Cavalier King Charles Spaniel


The Cavalier King Charles Spaniel is a small spaniel that is classified as a toy dog by the American Kennel Club and also The Kennel Club. It’s the most popular breeds in the UK, also where it originated.
During the early part of the 18th century, 1st Duke of Marlborough, John Churchill, kept red and white King Charles sort spaniels for hunting. The duke recalled that they could keep up with a trotting horse. His estate was named Blenheim in honour of his victory in the Battle of Blenheim. Since 2000, it’s exploded in popularity in America and ranks as the 18th most popular pure-breed in America (2013 Registration Statistics).

Physical Appearance

The Cavalier King Charles Spaniel is among the largest toy strains. It had been a lap dog, and modern day adults can fill a lap easily. Nonetheless, it is not large for a spaniel, The fully grown adults compare in their size to adolescents of other larger spaniel breeds.  The tail is normally not docked, along with the Cavalier should have a silky coat of average length. Standards say that it needs to be curl free, although a slight wave is permitted. Feathering around their feet, tail, legs and ears can grow in adulthood. Standards need this be kept with the feathering on the feet a particularly important aspect of the breed’s attributes. This breed has four recognized colors; Blenheim, Black and tan, ruby, and tricolor.


The strain is incredibly patient, lively, highly caring and ready to please. As such, dogs of the breed are great with other dogs and kids. Cavaliers aren’t shy about socializing with dogs that are much larger. They’ll adjust quickly to almost any family or environment, and they are suited in both city and country life.  Their power to bond with dogs that are smaller and larger makes them ideal in houses with more than one breed of dog provided that the other dog is trained. Cavaliers ranking 44th in Stanley Coren’s The Intelligence of Dogs, being in compliance or working of average intelligence. Cavaliers are curious and playful, but also love just cuddling up on lap or a pillow, making them superb companion or lap dogs for the elderly as well as medical patients.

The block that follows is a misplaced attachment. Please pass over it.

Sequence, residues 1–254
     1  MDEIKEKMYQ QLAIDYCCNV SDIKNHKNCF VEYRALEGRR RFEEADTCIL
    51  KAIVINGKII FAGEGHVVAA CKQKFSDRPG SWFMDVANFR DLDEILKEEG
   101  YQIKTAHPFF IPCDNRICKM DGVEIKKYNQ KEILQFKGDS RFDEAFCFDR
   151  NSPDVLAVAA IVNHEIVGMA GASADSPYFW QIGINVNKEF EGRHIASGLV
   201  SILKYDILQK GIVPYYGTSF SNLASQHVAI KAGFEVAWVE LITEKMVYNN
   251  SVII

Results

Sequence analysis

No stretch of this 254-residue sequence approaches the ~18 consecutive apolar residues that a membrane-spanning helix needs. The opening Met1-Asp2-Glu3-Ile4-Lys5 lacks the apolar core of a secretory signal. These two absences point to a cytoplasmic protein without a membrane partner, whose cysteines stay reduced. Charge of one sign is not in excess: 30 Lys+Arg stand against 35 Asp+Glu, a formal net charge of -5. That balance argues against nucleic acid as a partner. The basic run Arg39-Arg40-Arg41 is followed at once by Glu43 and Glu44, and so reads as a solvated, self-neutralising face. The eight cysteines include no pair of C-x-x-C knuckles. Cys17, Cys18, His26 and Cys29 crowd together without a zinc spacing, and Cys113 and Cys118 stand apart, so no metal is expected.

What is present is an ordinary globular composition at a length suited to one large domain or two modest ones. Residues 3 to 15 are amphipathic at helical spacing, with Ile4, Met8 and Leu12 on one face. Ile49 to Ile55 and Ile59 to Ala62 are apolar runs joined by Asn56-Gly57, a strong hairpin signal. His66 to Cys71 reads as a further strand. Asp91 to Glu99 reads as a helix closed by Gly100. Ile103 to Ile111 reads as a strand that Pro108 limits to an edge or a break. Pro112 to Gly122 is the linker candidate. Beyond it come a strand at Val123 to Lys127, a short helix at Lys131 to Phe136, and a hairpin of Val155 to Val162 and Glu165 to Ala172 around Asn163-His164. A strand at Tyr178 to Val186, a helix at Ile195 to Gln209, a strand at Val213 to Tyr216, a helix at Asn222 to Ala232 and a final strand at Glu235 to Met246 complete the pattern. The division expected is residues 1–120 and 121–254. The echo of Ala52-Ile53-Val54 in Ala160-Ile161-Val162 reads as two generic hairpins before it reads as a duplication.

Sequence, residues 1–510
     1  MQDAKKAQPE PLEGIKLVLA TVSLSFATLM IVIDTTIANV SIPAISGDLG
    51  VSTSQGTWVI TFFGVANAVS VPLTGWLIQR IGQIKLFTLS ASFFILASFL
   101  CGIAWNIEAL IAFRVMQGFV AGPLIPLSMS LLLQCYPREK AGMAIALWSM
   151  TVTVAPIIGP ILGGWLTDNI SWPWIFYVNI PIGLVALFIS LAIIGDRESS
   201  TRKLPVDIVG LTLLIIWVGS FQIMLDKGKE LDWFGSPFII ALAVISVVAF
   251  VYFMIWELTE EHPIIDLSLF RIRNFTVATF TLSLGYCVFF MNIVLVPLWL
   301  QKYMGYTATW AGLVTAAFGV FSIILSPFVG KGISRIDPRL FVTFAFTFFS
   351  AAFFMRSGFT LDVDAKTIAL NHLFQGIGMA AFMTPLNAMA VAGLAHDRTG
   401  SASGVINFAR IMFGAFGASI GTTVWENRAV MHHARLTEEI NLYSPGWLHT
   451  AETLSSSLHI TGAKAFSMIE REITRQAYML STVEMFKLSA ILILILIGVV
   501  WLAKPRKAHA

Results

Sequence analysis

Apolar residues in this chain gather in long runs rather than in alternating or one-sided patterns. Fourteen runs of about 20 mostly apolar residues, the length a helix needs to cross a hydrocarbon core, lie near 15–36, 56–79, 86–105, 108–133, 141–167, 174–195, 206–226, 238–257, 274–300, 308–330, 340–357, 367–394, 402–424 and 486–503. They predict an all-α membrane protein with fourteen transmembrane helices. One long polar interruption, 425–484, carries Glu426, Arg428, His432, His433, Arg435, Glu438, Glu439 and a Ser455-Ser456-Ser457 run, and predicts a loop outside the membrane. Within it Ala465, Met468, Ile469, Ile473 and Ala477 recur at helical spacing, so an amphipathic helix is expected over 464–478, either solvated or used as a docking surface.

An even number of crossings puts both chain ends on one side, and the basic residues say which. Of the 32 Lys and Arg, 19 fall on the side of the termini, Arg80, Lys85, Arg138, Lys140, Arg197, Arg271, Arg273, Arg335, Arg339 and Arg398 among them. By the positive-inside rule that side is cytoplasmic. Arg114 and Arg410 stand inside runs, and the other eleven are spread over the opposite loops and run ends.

Cavaliers can often suffer from, most notably mitral valve disease, which can result in heart failure. This appears at some time in their own lives in many Cavaliers and is the most typical cause of death. Some serious genetic health problems, including early-onset mitral valve disease (MVD), the possibly severely distressing syringomyelia (SM), hip dysplasia, luxating patellas, and particular eyesight and hearing disorders are health problems for this particular breed. Asthis days Cavaliers come from only 6 dogs, any inheritable disease present in one or more of the original founding dogs may be transferred to an important proportion of future generations. The health problems shared with this strain include mitral valve disease, luxating patella, and hereditary eye issues for example cataracts and retinal dysplasia. Cavaliers may also be changed by ear problems, a common health problem among spaniels of various kinds, and they could suffer from such other general maladies as hip dysplasia, which are common across many forms of dog breeds.

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